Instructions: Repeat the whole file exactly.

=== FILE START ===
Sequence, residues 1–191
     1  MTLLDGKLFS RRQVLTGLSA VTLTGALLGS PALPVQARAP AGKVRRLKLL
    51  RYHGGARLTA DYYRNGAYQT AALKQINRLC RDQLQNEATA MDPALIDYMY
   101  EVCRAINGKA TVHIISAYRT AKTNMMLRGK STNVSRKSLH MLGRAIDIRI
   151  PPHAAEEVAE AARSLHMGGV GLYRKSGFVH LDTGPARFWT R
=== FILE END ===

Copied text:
Sequence, residues 1–191
     1  MTLLDGKLFS RRQVLTGLSA VTLTGALLGS PALPVQARAP AGKVRRLKLL
    51  RYHGGARLTA DYYRNGAYQT AALKQINRLC RDQLQNEATA MDPALIDYMY
   101  EVCRAINGKA TVHIISAYRT AKTNMMLRGK STNVSRKSLH MLGRAIDIRI
   151  PPHAAEEVAE AARSLHMGGV GLYRKSGFVH LDTGPARFWT R